Early on in sharing my journey, I received an email from an organization called First Descents. The email said they offered “free outdoor adventure programs that empower them to climb, paddle, and surf beyond their diagnosis, reclaim their lives, and connect with others doing the same.” Initially, I was skeptical (since this seemed too good to be true — almost like a timeshare offer). However, I talked to the guy who emailed and I was hooked. I told him that I would definitely make it onto a program the following year.
Well… that was back in 2017. My physical recovery from cancer (and quite frankly, working on my mental health) prevented me from really committing to a trip. Eventually, I signed up to go rock climbing in New York in June… of 2020. For those of you reading this in the year 3029, June 2020 was a time in which travel was not advisable, so the program was canceled. I eventually was invited to go on an ice climbing trip in February of 2022 instead… just in time for Omicron (not one of the lesser known Transformers) to cancel that trip too.
However, I persevered and was accepted to the September 2022 First Descents surfing trip in Santa Cruz, California. Spoiler alert: this trip was thankfully NOT canceled and was so much more than I could have ever imagined.
Our daily schedule was packed with adventure, community building, and memories.
Upon arriving at the airport, we were whisked away to the Venture Retreat Center in Pescadero, California. This would become our home for the next 5 nights during our First Descents adventure. As more participants (who were also missing various body parts/organs, albeit with different diagnoses, stages, and treatment plans) trickled in, we got to know each other and instant bonds were formed. We shared our first meal together, which was packed with vegan friendly and gluten free options. As someone who consistently refers to this sub genre as “sadness food,” I was apprehensive, but our amazing chefs proved us wrong. Everything was delicious and they kept us well fed throughout the entire experience.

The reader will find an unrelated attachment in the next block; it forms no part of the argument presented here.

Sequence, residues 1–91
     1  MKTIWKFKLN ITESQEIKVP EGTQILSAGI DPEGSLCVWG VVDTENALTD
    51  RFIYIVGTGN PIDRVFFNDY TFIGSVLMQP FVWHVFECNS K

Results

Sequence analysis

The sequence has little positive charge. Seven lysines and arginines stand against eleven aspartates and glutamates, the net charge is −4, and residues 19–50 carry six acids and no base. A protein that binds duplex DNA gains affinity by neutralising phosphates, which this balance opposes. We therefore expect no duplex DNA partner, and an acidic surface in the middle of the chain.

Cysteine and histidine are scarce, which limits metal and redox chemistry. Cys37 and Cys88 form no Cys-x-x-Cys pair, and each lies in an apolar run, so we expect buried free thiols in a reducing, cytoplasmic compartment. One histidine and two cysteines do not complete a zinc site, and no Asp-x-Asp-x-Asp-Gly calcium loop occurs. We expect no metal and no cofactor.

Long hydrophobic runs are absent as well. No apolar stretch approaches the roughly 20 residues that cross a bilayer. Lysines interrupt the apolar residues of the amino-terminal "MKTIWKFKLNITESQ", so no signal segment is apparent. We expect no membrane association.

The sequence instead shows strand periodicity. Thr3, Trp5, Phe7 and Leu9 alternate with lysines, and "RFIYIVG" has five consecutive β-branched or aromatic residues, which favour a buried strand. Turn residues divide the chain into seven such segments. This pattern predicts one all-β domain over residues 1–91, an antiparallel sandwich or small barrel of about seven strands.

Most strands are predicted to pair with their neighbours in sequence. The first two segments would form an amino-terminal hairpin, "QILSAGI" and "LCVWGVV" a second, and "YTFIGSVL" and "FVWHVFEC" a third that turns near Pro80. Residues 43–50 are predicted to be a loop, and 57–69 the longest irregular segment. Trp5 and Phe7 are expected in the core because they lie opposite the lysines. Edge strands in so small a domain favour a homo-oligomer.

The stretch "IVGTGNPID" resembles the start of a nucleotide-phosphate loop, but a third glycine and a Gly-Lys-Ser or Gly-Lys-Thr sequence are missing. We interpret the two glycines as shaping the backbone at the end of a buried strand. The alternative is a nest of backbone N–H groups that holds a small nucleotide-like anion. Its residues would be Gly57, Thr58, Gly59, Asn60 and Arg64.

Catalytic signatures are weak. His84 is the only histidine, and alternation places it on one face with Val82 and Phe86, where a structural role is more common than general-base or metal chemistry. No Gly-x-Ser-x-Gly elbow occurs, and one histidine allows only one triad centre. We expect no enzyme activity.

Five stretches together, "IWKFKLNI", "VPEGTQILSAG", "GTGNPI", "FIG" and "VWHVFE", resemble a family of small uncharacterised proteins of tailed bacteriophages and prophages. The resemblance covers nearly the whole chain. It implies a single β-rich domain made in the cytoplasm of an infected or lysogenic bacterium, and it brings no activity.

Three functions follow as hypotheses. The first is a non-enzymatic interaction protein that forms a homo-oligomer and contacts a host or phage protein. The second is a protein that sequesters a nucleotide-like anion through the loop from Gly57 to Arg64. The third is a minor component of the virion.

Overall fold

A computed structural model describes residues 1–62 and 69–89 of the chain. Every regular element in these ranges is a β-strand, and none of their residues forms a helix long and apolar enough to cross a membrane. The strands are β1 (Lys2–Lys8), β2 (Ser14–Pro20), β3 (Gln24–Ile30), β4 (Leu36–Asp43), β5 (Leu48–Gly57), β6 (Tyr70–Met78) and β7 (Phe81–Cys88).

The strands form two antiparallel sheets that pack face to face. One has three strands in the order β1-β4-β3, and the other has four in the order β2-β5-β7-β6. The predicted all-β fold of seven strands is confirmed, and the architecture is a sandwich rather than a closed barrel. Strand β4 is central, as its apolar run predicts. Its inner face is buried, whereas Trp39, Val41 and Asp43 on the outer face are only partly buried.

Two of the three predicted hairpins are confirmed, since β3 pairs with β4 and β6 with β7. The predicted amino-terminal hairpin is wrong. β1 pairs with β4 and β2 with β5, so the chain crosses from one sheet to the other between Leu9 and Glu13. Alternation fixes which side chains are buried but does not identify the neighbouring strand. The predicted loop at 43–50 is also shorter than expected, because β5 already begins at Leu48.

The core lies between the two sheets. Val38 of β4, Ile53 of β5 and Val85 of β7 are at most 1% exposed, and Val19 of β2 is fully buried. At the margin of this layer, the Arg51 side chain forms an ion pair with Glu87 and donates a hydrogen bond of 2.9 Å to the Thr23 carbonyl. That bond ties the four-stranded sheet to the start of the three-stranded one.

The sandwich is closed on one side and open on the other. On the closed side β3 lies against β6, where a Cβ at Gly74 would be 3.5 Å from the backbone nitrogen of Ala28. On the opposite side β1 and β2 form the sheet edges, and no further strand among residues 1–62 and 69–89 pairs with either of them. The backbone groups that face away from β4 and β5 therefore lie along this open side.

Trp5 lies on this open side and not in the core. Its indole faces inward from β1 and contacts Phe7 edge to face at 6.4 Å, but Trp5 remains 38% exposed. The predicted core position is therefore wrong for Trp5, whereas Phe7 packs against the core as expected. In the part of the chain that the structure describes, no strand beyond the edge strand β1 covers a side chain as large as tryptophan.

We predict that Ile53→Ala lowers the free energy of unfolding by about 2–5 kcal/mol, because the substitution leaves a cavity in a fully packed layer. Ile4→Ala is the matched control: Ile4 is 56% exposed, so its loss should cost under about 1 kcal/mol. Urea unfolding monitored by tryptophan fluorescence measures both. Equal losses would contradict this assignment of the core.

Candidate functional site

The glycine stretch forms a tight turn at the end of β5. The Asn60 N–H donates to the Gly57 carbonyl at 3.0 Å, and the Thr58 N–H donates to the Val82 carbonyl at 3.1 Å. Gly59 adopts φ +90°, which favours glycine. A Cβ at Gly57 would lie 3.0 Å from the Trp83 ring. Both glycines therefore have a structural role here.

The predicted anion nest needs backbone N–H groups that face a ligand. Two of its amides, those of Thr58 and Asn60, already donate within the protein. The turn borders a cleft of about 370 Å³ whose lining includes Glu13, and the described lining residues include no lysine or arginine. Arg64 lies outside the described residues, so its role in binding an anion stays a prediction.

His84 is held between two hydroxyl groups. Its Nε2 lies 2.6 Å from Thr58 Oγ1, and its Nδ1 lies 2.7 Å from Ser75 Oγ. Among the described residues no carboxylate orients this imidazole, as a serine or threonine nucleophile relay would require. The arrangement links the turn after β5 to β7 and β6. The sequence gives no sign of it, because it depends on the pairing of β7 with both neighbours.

Each day, we woke up, ate breakfast, packed a lunch, and headed to the beach. We met our surfing instructors on the first day and they were exactly what you’re picturing as you read this. What you can’t picture is their immense patience and kindness as they instructed a group of newbie surfers. From physically holding our boards to get us into position to hooping and hollering as we caught waves, we were supported from the first wave to the last.
Surfing became a new challenge for me to overcome.
If it isn’t immediately clear to anyone who knows me, I like to set a goal, achieve it, and develop a new one. Surfing was no different. Though I have snowboarded a few times in my life and regularly hoverboard around my house, I had never been surfing. I became determined to get up on the board the first day… and I did. The second day, I wanted to ride some bigger waves… and I did. It gave me an objective to reach and push past to help me reach new heights (literally).
Yet surfing was humbling, too. On the third day, I got hit in the head by another surfer’s board. While it wasn’t a huge injury, it definitely rattled me a little. I wanted to keep going, but realized I needed to take a bit of a breather so I wouldn’t be burnt out for the final day.
On that aforementioned final day, a group of us paddled out five miles (or about 200 feet, depending who you believe) and I was exhausted. I didn’t want to take up the instructor’s offer to be “towed” out there, so I stubbornly paddled the whole way out. After successfully riding multiple waves, I had to admit that I just didn’t have anything left in the tank to paddle the 150 miles back to shore. I asked to be towed, and actually fell asleep while being pulled in.
Regardless of my energy, I always made sure that I ended the day with “just one more good wave,” which would usually turn into 5 more until I felt like I achieved it.